Wednesday and Thursday was a great time, spent in Niagara on the Lake (NotL) at the Shaw Festival ( Here’s what I saw there:

Wednesday afternoon, I saw Come Back, Little Sheba, by William Inge and directed by Shaw A.D. Jackie Maxwell, at the Royal George Theatre. This is an intimate and heart-breaking portrait of middle America post-WWII. Of being alone and lonely in a sea of apartments. Of longing for more innocent times gone by. Of AA and the Serenity Prayer. Middle-aged housewife Lola (Corrine Koslo) longs for the joy and romance of times past, missing her lost dog Sheba and sneaking peeks at – and living vicariously through – her beautiful young border Maria (Julia Course) on dates with her bad-boy boyfriend Turk (Kevin McGarry) even as she courts nice boy Bruce (Andrew Bunker). Not the greatest housekeeper, Lola scores points with her serious German neighbour Mrs. Coffman (Sharry Flett) by fixing up the house for Bruce’s impending dinner visit. As Lola lives in fantasy, her husband Doc (Ric Reid), who she calls “Daddy” while he calls her “Baby,” struggles with sobriety as he goes about the monotonous everyday business of his chiropractic practice. Quiet lives of desperation ready to implode or explode at any moment – the reserves of rage, strength and even kindness of these characters are remarkable. Outstanding performances, especially from Koslo and Reid, as well as Course and Flett. And I loved Christina Poddubiuk’s set design, which features the family living/dining room and kitchen, surrounded by hanging window frames in the background, giving the sense of a densely packed urban neighbourhood.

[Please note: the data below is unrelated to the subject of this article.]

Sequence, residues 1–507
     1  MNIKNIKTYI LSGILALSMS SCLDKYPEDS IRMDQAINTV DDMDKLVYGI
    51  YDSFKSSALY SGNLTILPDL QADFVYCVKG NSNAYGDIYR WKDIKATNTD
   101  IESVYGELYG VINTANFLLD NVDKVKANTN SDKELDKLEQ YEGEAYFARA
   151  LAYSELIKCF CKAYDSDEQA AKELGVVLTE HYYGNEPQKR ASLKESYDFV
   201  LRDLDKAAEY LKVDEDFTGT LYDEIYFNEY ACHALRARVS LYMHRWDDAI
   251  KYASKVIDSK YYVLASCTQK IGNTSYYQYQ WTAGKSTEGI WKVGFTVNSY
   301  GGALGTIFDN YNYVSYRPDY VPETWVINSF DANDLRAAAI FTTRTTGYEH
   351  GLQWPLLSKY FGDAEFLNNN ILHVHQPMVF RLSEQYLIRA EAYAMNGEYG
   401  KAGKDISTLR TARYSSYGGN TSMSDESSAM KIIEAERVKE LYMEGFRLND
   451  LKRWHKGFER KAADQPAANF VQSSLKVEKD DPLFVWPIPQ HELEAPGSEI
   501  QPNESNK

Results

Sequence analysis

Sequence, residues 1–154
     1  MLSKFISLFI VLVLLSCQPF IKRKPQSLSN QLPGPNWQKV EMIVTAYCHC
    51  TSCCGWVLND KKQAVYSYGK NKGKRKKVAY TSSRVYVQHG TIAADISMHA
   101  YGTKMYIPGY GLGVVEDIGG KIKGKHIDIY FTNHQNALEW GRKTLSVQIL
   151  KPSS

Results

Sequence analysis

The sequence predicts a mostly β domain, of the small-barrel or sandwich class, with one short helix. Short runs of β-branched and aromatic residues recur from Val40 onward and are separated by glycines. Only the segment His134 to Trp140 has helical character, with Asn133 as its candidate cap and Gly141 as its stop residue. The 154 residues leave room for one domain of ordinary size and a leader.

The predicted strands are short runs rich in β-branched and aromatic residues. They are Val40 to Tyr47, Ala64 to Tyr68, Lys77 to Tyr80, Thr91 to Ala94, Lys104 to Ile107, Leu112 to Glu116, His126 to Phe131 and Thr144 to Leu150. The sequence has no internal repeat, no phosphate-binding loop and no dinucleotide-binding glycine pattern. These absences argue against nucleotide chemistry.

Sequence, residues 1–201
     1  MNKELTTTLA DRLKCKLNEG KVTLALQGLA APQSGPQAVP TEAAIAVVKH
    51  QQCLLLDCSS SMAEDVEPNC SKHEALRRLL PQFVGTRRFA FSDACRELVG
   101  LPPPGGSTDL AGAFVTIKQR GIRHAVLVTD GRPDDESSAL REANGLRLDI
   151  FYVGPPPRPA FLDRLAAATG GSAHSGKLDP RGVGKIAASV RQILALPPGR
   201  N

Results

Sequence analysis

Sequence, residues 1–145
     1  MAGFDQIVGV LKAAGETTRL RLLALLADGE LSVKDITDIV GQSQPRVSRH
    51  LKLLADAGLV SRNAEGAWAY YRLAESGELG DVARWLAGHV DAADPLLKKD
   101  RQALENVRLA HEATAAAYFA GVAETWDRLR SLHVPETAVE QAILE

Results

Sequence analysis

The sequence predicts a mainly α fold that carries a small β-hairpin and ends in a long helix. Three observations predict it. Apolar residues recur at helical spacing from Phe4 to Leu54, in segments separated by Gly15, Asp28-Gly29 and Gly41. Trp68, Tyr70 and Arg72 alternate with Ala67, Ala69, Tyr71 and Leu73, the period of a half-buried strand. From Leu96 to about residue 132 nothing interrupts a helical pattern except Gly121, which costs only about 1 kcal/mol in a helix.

Wednesday night, I wandered over to the Festival Theatre box office and managed to get a last-minute – and really good – seat for the evening performance of Present Laughter (by Noel Coward, directed by David Schurmann). I needed that infusion of Coward comedy and this production gives it up big time. The audience gets a two-hour behind-the-scenes look at the personal and professional trials and tribulations of theatre star Garry Essendine (Steven Sutcliffe) as backstage and marital/relationship shenanigans unfold in his stunning studio apartment. Featuring some hilarious – and at times sexy – turns from Sutcliffe, Claire Jullien (as his sort-of-ex-wife Liz), Moya O’Connell (friend’s wife Johanna) and Mary Haney (secretary Monica), with shouts to Corrine Koslo (housekeeper Miss Erikson), Jonathan Tan (crazed student/fan Roland) and Jennifer Phipps (Lady Saltburn). Wonderfully gorgeous set design by William Schmuck, the dominant mural inspired by a smaller version at Central Station in Cincinnati, which is now an Art Deco museum with a train line operating to Chicago. It was some big, marvelous party, pandemonium fun.